- Lucky Charms
- 🎁 Gift Ideas
August 17, 2022 6 min read
Japanese cuisine is renowned throughout the world for its unparalleled refined flavors offering delicious dishes, varying from one region to another. Regional cuisine, the popular Japanese culinary specialties or meibutsu are all delicious one after the other.
From Hokkaido's kaisendon to Okinawa's champuru to Kansai's okonomiyaki... Discover the iconic dishes of each region!
Located in the very north of Japan, the island of Hokkaido is well known for its gastronomy. Besides fish and ramen, other specialties are worth a try. It must be said that the local products are really exceptional in this region, offering a great agricultural diversity. The freshly caught fish and seafood are truly delicious. Moreover, the island is famous for its sheep farms and dairy products.
This typical dish from northern Hokkaido is composed of grilled pieces of lamb with vegetables. Its name "Genghis Khan" or "jingisukan" in Japanese is directly inspired by the ruler of the Mongolian empire in the 13th century. Its particularity? The meat is cooked on a pan shaped like a Mongolian soldier's helmet.
This specialty from Ishikari city is a Japanese hot pot fondue made with salmon. Since the Edo period, salmon fishermen have been preparing this dish in a pot with vegetables and simply miso for seasoning.
The best Kaisendon can be found in Hokkaido. This is a traditional donburi (rice bowl) dish with several varieties of fresh sashimi such as fish roe, raw tuna or shrimp placed in it, depending on the season. In spring, you can enjoy snow crab, in autumn salmon, in summer sea urchins and in winter scallops.
In the north-east of the archipelago, Tohoku region has a strong culinary identity due to its winter dishes, seafood, pickled vegetables and sake production. Tohoku regional cuisine is famous all over Japan.
Originating from Sendai in Miyagi prefecture, this dish, based on grilled beef tongue, is a real treat. The meat is cut into thin strips and seasoned with soy sauce, sake, sesame or yuzu.
Soba or buckwheat flour noodles are a favorite dish in the Iwate region since centuries. The origin of wanko soba dates back to the time of Nanbu Toshinao, nearly 400 years ago. Hanamaki city received the lord of the Morioka estate and offered him its local specialty: soba. Not knowing if he would like the dish, he was first served a small bowl. Nanbu Toshinao asked for a second and then a third bowl until he was satisfied. Since then, the tradition has been to serve wanko-soba portion by portion until the guest is full.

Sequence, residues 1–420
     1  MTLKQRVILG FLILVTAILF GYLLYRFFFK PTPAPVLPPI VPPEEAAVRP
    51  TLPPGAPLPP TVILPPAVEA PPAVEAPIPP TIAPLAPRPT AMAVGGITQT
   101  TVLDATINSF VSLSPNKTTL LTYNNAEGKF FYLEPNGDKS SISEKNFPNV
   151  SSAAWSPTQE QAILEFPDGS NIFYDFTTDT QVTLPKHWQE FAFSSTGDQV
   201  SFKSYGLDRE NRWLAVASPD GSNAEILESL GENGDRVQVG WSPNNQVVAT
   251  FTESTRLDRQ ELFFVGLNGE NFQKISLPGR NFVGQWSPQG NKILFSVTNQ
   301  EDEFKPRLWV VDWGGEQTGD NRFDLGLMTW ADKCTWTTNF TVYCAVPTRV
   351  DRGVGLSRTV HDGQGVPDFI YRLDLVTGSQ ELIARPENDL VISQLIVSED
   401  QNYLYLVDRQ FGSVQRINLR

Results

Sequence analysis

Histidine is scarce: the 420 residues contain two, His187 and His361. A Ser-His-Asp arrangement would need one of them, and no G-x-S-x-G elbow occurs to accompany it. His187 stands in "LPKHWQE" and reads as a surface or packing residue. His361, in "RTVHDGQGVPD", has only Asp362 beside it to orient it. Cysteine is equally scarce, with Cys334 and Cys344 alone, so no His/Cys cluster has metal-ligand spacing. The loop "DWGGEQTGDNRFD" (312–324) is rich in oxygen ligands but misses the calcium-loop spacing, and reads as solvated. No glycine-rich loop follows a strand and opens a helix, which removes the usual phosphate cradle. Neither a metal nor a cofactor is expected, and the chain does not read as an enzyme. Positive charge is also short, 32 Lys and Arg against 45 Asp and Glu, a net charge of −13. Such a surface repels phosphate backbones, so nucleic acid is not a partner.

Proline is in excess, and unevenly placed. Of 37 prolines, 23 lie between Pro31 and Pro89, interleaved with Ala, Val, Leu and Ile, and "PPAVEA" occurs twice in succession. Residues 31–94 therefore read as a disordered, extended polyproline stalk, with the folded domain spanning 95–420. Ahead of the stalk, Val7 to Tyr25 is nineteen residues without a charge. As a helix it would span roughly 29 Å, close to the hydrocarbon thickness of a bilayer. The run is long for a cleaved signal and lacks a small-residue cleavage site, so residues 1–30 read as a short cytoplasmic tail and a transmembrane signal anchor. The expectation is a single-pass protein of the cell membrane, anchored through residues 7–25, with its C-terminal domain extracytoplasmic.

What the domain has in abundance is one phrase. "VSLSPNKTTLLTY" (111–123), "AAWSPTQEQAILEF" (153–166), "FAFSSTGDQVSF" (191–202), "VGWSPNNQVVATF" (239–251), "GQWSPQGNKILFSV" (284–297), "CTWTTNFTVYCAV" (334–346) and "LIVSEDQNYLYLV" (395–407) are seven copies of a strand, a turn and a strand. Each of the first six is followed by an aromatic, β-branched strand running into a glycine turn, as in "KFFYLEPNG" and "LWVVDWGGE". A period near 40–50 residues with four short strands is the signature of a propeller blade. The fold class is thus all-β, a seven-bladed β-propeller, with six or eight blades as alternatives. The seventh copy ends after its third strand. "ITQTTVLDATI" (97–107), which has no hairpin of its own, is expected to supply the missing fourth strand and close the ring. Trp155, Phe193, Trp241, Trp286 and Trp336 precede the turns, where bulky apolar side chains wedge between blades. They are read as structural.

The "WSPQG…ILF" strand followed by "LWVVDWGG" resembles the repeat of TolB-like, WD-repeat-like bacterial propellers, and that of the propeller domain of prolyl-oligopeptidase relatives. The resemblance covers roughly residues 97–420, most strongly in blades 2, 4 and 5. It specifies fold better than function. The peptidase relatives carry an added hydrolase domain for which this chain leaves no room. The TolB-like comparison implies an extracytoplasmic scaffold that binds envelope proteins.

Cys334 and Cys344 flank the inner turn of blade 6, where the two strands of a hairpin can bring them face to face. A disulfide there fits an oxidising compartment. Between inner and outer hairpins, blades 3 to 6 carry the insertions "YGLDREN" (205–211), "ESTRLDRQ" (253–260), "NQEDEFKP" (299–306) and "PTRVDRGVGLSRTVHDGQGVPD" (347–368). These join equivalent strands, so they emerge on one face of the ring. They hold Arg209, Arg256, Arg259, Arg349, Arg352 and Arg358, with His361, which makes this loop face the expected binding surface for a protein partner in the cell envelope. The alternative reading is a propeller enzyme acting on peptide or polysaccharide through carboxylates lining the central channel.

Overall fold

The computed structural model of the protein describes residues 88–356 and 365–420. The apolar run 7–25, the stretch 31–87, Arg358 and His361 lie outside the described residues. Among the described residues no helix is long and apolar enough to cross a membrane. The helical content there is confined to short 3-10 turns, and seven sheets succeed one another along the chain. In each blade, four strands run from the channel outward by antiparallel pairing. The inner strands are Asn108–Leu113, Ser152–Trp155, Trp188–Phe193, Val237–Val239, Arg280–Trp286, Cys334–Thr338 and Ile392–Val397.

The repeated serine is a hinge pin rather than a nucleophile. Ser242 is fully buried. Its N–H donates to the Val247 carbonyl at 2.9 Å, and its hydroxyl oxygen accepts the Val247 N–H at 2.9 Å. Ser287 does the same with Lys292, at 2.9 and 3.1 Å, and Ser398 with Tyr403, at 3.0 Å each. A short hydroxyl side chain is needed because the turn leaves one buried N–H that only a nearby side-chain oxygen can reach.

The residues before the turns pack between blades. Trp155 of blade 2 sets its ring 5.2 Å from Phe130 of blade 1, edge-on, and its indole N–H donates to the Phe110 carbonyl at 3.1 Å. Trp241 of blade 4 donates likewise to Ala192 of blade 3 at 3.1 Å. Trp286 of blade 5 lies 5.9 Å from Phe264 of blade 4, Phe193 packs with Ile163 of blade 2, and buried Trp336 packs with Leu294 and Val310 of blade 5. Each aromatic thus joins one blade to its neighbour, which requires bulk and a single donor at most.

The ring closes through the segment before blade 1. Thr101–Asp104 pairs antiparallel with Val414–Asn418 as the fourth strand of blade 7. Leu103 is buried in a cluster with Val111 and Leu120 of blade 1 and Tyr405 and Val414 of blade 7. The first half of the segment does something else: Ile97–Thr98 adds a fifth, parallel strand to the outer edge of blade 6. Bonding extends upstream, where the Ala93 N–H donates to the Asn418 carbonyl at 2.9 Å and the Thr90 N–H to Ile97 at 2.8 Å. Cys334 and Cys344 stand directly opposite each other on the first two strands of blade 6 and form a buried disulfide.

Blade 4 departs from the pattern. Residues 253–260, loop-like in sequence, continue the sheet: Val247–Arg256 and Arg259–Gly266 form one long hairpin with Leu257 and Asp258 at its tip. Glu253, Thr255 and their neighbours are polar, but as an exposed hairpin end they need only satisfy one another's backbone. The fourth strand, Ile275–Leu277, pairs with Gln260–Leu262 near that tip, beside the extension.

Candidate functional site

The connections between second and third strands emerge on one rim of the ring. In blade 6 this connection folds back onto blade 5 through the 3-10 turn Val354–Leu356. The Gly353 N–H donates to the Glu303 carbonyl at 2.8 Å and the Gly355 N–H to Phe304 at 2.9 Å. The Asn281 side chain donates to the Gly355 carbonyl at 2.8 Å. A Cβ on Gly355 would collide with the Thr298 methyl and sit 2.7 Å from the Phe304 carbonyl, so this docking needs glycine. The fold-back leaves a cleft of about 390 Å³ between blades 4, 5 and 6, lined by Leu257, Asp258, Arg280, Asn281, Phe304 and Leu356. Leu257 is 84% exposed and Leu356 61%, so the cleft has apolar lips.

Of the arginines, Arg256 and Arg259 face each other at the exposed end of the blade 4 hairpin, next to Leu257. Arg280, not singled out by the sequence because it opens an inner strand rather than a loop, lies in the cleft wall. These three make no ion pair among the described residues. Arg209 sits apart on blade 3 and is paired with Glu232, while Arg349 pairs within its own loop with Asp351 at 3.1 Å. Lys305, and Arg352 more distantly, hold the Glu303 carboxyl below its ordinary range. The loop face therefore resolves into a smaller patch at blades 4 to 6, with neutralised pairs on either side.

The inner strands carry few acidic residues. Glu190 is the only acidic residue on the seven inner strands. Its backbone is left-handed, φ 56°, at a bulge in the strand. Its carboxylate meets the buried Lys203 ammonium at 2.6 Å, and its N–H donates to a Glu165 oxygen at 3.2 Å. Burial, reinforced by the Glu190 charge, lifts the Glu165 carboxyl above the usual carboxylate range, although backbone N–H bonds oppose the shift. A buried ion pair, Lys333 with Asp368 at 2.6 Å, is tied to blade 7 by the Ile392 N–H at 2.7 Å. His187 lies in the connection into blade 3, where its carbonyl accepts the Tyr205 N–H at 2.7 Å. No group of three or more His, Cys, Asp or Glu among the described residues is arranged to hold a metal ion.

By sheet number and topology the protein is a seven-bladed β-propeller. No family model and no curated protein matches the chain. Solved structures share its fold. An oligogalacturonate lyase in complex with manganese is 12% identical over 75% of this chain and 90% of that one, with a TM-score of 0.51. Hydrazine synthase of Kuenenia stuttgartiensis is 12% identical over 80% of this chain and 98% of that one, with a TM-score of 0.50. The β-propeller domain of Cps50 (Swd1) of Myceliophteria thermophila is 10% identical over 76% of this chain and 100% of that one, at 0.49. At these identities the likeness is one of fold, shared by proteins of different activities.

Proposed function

Aamori Prefecture in northern Tohoku is known for its excellent tuna and cod consumption, especially in winter. Jappa-jiru is a typical miso soup from the Aomori region, which uses the remains of cod such as head, guts and bones. "Jappa" means "leftovers" in the local dialect. This no-waste soup is cooked with salmon fillet as well as Chinese cabbage, spring onion (neigi) and Japanese radish (daikon).
Gyoza enban is a speciality of Fukushima cuisine. It is a set of fried pork and vegetable ravioli in the shape of a crescent. Unlike traditional Japanese gyozas, the dough of the gyoza enban is even crispier.
Tokyo's food is particularly tasty with its sushi, nabe and local dishes, but the other regions of Kanto also have their culinary treasures.
Have you ever heard of udon? These thick noodles much appreciated by the Japanese? Himokawa Udon is a variety of noodle with a width of up to 15 cm, served in a broth. It is a traditional dish of Gunma prefecture.
Among the local food of southern Chiba, namero is the meal of the fishermen. It is a kind of tartar composed of various fresh fishes, just seared in the fire (mackerel, horse mackerel, bonito...). It is seasoned with ginger, miso and onions.
Monjayaki is a type of okonomyaki, an omelette cake, which originated in Kanto. This specialty of Tokyo is eaten directly on the cooking plate.
If you visit the capital, don't miss out on the famous Edo Bay sushi, which has crossed international borders.
Located between Kanto and Kansai, the Chubu region occupies a central position on the island of Honshu. If the territory offers exceptional mountainous landscapes such as the Japanese Alps and Mount Fuji, the regional cuisine of Chubu is just as remarkable.
This dish, originating from Fukui, consists of breaded and fried pork slices, cooked with an egg and placed on a bowl of rice.